American College of Obstetricians and Gynecologists

In 2014, ACOG reaffirmed a 2008 Practice Bulletin titled “Alternatives to Hysterectomy in the Management of Leiomyomas. This Bulletin contained the following statement regarding UAE: “Based on long- and short-term outcomes, uterine artery embolization is a safe and effective option for appropriately selected women who wish to retain their uteri.”

In 2013, ACOG issued a committee opinion (No. 557) on the management of acute abnormal uterine bleeding in non-pregnant reproductive aged women. This opinion was reaffirmed in 2017. The committee listed UAE among the surgical options for acute abnormal uterine bleeding and stated that the need for surgical treatment, including UAE, is based on the clinical stability of the patient, the severity of bleeding, contraindications to medical management, the patient’s lack of response to medical management, and the underlying medical condition of the patient.

In 2017, the ACOG published a practice bulletin (No. 183) on postpartum hemorrhage. UAE was recommended when less invasive techniques (uterotonic agents, uterine massage, uterine compression, manual removal of clots) failed. Studies have shown that the median success rate is 89% (range, 58%- 98%).

Society of Interventional Radiology

The 2010 (reviewed and unchanged in 2014), Quality Improvement Guidelines from the Society of Interventional Radiology stated that uterine artery embolization is indicated in women with uterine leiomyomas that are causing significant symptoms. Absolute contraindications to UAE are viable pregnancy, active infection, and suspected uterine, cervical, or adnexal malignancy (unless the procedure is being performed for palliation or in conjunction with surgery). A desire to maintain fertility is a relative contraindication.

American College of Radiology

The American College of Radiology (2018) published appropriateness criteria on the radiologic management of uterine fibroids. The College provided 6 scenarios when the use of transcatheter UAE presents a favorable risk-benefit ratio for patients and can be considered “usually appropriate”. Two of the scenarios involved child-bearing aged women with fibroids, one in which the woman did not want a hysterectomy and one in which the woman would keep her fertility options open. Four of the scenarios involved middle-aged women with fibroids accompanied by urinary frequency or bloating, diffuse adenomyosis, pelvic discomfort, and constipation.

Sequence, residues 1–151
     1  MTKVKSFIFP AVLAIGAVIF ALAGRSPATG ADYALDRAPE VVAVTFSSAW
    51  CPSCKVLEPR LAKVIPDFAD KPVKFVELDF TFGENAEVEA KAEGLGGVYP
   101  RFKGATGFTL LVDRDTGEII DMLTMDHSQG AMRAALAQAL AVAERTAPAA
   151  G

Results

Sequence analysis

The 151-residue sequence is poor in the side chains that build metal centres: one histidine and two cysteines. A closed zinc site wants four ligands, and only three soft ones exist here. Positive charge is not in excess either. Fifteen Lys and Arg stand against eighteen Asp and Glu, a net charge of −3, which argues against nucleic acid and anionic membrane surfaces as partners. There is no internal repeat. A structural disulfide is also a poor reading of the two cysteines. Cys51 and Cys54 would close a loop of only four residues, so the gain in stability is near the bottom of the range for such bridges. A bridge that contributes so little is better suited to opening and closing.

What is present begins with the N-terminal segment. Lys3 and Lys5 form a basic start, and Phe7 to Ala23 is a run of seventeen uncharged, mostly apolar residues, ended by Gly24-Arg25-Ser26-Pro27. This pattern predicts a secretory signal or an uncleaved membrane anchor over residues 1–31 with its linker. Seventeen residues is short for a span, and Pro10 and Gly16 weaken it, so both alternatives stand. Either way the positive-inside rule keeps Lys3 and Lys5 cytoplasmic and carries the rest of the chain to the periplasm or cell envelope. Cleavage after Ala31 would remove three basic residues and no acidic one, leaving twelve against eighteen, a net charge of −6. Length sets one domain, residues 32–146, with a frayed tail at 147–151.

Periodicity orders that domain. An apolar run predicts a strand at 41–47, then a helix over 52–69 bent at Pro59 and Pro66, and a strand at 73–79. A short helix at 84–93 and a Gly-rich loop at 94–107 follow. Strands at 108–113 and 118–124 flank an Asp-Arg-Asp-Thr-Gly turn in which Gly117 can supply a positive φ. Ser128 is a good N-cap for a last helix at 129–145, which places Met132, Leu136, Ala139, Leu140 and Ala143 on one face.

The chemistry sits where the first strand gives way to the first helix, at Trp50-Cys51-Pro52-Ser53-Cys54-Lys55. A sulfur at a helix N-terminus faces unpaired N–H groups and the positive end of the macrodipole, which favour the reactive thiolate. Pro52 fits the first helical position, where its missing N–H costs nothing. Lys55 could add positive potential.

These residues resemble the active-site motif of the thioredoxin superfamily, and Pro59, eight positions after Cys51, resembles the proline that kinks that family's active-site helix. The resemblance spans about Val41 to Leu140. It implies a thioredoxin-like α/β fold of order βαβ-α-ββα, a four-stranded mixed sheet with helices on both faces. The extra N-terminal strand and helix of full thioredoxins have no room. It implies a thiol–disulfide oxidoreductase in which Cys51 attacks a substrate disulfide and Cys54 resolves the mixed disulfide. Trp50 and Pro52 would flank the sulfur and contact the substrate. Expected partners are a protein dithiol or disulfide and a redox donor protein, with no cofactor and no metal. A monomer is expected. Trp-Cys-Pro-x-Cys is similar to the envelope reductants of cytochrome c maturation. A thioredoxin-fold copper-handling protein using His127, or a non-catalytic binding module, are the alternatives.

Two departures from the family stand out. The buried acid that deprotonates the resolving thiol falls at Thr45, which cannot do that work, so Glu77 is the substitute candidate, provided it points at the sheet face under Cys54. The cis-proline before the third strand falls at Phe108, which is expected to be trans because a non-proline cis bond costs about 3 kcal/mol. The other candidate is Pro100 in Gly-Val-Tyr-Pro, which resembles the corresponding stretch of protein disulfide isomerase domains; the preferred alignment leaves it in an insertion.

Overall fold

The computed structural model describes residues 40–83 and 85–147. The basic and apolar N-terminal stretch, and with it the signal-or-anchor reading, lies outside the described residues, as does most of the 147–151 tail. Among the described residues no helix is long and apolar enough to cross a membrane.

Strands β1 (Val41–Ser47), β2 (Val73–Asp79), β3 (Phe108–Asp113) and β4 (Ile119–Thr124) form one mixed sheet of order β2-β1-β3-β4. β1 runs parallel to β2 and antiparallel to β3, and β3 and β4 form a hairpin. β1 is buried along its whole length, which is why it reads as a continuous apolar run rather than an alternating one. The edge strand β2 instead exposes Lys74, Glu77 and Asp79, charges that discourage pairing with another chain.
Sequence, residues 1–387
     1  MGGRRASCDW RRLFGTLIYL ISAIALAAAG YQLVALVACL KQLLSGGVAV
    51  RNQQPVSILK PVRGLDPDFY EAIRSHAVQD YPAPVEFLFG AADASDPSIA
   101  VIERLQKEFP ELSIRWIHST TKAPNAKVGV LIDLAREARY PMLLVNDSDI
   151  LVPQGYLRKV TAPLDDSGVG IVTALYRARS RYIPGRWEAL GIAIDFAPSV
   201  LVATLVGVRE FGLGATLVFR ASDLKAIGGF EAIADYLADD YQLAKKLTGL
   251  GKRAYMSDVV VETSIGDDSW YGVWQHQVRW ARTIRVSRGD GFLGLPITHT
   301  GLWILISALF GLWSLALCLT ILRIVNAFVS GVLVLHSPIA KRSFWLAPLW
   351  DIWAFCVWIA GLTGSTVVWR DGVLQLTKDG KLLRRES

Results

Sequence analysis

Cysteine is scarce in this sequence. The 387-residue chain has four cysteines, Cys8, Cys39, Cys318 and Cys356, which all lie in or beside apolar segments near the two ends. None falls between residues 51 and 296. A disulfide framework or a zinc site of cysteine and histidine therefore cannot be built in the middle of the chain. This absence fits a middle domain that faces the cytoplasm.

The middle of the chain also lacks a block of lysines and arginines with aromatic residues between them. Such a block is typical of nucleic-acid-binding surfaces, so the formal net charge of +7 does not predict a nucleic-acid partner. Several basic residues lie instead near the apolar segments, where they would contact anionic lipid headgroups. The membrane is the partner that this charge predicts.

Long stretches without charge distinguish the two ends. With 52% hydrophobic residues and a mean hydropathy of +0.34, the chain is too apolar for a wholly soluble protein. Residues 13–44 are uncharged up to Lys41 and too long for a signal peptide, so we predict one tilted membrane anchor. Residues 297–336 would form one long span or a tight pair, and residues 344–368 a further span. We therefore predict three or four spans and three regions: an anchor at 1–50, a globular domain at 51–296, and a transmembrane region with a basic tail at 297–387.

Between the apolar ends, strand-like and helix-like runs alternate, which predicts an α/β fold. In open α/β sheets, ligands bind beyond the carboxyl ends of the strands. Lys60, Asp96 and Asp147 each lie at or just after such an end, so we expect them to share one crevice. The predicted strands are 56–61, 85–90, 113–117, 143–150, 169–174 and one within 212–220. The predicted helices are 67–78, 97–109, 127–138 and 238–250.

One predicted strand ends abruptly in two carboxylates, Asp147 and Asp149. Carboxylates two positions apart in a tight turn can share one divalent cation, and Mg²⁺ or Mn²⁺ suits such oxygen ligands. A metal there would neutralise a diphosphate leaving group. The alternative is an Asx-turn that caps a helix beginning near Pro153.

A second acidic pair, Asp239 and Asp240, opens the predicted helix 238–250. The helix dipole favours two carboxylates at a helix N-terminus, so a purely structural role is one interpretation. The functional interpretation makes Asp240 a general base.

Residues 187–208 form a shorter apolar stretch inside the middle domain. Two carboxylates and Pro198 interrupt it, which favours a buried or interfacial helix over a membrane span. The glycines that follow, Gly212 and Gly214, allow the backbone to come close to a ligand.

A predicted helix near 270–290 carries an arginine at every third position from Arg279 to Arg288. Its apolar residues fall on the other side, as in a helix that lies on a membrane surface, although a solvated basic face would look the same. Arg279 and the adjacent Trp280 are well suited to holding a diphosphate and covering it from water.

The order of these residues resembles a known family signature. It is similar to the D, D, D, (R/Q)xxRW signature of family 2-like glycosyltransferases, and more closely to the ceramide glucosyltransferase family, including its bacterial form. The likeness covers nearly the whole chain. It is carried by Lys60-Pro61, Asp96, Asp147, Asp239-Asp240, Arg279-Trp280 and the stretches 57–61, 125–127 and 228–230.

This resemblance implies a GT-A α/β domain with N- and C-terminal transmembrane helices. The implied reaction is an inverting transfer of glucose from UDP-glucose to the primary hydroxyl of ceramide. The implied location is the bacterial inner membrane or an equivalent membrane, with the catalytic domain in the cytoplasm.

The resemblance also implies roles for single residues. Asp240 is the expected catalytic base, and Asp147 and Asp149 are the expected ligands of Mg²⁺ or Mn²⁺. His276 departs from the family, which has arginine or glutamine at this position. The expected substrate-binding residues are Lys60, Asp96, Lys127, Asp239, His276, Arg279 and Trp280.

U.S. Preventive Services Task Force Recommendations

Not applicable

KEY WORDS:

Uterine artery embolization, fibroids, leiomyomata, UAE, TruFill PVA particles, Embosphere Microspheres, Contour Emboli PVA, Conture SE™, Cook Incorporated polyvinyl alcohol foam embolization particles, laparoscopic occlusion of the uterine arteries using bipolar coagulation, bipolar coagulation occlusion of uterine arteries, laparoscopic occlusion of uterine arteries, adenomyosis, Bead Block, Hydropearl

APPROVED BY GOVERNING BODIES:

In April 2000, Embosphere® Microspheres (Merit Medical, formerly BioSphere Medical) was cleared for marketing by the U.S. Food and Drug Administration (FDA) through the 510(k) process for hypervascularized tumors and AVMs. In 2002, this product was cleared for marketing specifically for use in uterine fibroid embolization. Since then, several other devices have been cleared for marketing and a sampling of those are listed herein. In 2003, Contour® Emboli PVA (Boston Scientific) was cleared for marketing by the FDA through the 510(k) process for the embolization of peripheral hypervascular tumors and peripheral AVMs. In March 2004, the Contour SE™ (Boston Scientific) was cleared for marketing by the FDA through the 510(k) process for the treatment of uterine fibroids. In 2008, Polyvinyl Alcohol Foam Embolization Particles (Cook Inc.) was cleared for marketing by the FDA through the 510(k) process for use in uterine fibroid embolization. In 2016, Bead Block™ microspheres (Biocompatibles UK) were cleared for marketing by FDA for embolization of uterine fibroids and AVMs. In 2020, Hydropearl® Microspheres (MicroVention, Inc.) was cleared for marketing by FDA for the embolization of arteriovenous malformations and hypervascular tumors, including uterine fibroids.